With Trump on Brink of Acquittal, Time for Impeachment Post-Mortem and What’s Left Unsaid
Written by Selwyn Duke
Democrats had wanted to extend the trial by calling witnesses, despite the fact that the testimony of 17 of them was part of the House process. Thus did some find this prosecution request inexplicable; after all, impeachment has long appeared a loser for Democrats, with Americans bored with the fiasco, the president’s poll numbers rising during its course (as happened with Bill Clinton), and his opposition seeming petty and vindictive.
Furthermore, the House witnesses were all on the Democrat side, with Republican witnesses having been blocked. So the GOP could perhaps have used the Senate trial to bury the Democrats with damning testimony, in particular by putting ex-vice-president Joe Biden’s son, Hunter Biden, on the hot seat and having him testify about his Ukrainian wheeling and dealing.
But if the Democrats were in a hole and couldn’t stop digging, the Republicans took their shovels away with a 51-49 Friday vote to block the witnesses. Mitt Romney (R-Utah) and Susan Collins (R-Maine) joined all 47 Democrats in voting yea, but this became only symbolically (perhaps) significant when Lamar Alexander (R-Tenn.) and Lisa Murkowski (R-Alaska), two other wobbly GOP senators, voted nay.
The Democrats’ witness request was always a partisan ploy. It was essentially the job of the House to make its case, and their witness testimony was provided to the Senate, of course, along with 28,000 pages of documents. As Trump’s deputy White House counsel Patrick Philbin put it, “We heard from a lot of witnesses in the proceedings so far,” reports the Washington Examiner. “You’ve got all of those transcripts, so you can see those witnesses’ testimony there,” he continued. “You’ve got a lot of evidence already.”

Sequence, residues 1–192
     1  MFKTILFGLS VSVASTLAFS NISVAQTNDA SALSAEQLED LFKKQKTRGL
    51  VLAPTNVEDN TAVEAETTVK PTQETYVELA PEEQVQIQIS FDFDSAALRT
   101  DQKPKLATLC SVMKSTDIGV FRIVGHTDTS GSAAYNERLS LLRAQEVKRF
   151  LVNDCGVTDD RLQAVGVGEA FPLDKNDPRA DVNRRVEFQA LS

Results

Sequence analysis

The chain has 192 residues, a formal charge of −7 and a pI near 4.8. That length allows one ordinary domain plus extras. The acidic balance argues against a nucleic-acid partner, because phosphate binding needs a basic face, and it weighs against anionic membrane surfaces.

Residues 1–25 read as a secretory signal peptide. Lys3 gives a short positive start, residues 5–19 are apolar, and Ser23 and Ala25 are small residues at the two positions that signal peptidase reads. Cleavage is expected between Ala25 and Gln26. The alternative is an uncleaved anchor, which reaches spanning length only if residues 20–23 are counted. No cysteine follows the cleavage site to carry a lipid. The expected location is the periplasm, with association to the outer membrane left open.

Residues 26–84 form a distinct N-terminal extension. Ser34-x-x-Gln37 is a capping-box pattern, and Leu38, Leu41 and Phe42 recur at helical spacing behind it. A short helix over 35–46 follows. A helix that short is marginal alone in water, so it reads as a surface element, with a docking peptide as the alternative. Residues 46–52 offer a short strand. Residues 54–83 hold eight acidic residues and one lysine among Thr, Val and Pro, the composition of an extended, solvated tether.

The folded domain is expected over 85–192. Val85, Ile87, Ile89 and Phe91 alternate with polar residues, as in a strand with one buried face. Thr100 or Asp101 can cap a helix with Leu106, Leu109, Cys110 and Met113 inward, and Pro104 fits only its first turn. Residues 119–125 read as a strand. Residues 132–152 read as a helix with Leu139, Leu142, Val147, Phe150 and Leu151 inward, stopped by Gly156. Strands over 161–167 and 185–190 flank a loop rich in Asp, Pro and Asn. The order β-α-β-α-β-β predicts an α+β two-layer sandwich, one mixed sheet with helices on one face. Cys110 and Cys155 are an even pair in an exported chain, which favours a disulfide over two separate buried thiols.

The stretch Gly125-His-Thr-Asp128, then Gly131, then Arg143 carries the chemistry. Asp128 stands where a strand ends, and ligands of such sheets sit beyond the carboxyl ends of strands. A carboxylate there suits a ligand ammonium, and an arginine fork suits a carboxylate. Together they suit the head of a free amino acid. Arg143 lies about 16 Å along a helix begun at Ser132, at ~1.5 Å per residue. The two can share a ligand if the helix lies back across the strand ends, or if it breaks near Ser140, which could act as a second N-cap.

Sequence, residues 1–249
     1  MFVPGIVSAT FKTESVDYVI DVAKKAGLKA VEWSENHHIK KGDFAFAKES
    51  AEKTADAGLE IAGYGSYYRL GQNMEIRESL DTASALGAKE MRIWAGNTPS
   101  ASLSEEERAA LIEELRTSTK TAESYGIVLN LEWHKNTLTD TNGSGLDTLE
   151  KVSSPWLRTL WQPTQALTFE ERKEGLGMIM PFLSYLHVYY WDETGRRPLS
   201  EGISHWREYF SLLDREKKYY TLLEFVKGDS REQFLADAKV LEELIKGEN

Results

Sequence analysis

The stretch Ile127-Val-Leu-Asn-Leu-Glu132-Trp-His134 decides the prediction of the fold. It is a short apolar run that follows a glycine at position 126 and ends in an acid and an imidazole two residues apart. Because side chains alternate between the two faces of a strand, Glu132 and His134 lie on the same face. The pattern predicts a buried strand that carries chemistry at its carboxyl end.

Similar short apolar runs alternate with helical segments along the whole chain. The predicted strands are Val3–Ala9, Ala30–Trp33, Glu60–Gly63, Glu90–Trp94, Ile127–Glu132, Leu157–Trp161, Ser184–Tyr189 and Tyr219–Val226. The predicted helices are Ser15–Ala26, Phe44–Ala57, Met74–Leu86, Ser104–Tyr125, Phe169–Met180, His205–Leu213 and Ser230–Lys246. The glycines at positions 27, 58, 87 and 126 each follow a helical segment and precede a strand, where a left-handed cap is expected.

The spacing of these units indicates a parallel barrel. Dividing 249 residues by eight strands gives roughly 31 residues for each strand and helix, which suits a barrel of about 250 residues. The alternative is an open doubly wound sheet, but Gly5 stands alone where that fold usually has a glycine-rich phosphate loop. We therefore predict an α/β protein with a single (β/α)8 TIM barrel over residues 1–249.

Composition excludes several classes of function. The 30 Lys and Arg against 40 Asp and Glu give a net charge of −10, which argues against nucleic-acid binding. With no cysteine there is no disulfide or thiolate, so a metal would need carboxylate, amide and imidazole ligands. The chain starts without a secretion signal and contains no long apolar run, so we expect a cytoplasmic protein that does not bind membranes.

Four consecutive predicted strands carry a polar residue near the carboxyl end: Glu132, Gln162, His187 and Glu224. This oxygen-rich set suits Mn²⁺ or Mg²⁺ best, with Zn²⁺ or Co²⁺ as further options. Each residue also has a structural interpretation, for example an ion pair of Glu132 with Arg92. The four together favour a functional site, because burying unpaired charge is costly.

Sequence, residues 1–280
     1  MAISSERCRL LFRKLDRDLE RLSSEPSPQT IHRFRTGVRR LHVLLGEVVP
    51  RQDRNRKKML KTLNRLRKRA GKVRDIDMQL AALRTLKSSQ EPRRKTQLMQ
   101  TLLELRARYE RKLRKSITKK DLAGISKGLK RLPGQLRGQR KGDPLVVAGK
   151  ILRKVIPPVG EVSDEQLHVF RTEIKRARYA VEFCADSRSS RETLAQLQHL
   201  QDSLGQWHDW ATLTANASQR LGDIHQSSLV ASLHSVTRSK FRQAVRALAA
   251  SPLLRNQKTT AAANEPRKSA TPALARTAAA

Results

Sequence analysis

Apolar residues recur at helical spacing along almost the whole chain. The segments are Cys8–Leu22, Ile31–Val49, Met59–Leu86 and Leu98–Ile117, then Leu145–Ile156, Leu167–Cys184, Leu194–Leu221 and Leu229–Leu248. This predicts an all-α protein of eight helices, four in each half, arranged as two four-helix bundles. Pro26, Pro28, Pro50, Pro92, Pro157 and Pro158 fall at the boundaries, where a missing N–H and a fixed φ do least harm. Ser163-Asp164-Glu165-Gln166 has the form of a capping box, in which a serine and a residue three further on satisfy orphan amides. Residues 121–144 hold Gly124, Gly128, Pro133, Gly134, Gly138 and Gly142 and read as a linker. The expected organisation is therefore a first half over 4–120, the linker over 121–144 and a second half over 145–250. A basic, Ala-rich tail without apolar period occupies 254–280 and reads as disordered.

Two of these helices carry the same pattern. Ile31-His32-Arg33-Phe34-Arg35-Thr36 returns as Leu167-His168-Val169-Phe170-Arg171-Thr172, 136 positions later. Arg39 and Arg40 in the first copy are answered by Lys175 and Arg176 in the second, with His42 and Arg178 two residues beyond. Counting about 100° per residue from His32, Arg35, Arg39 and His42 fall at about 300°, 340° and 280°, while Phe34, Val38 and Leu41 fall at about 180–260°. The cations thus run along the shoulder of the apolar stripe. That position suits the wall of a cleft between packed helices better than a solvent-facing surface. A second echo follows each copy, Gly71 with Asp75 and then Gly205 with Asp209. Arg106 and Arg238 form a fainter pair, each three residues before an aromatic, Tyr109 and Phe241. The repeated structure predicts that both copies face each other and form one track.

Since that evidence indicated no impeachable offense — and because a two-thirds majority (67 senators) was needed for conviction — acquittal has always been a foregone conclusion. The media have underemphasized this, however, perhaps hoping against hope that it wouldn’t be reality and likely wanting to maintain the drama and hence their viewers/readership.
Moreover, the acquittal is expected to be a somewhat bipartisan affair. “I have great confidence in Republican senators and probably some Democrats from what I understand,” as Trump put it to Fox News in a Thursday night interview in Iowa.
“Politico reported earlier this week that Sens. Joe Manchin, D-W.Va., Kyrsten Sinema, D-Ariz., and Doug Jones, D-Ala. were [the Democrats] weighing whether to vote to acquit the president on at least one of the two articles of impeachment: abuse of power and obstruction of Congress,” Fox also reports.
This is likely a political calculation, as Manchin and Jones represent conservative states and Sinema a toss-up one and none of them want to incur red voter wrath. (Other than the alliteration, politicians and principle don’t generally go together.)
Politics over principle also explains why the manipulation hasn’t stopped. For example, early Friday, Senator Chuck Schumer (D-N.Y.) “warned that if Republicans reject witnesses, Trump would never truly be acquitted of charges,” the Examiner further reports. This talking point was echoed by many other Democrats, too, in office and in the media.
Ironic here, though, is that Trump didn’t receive due process during the House hearings. That event was precisely what the Democrats complain the Senate trial is: a politicized process with a pre-ordained outcome.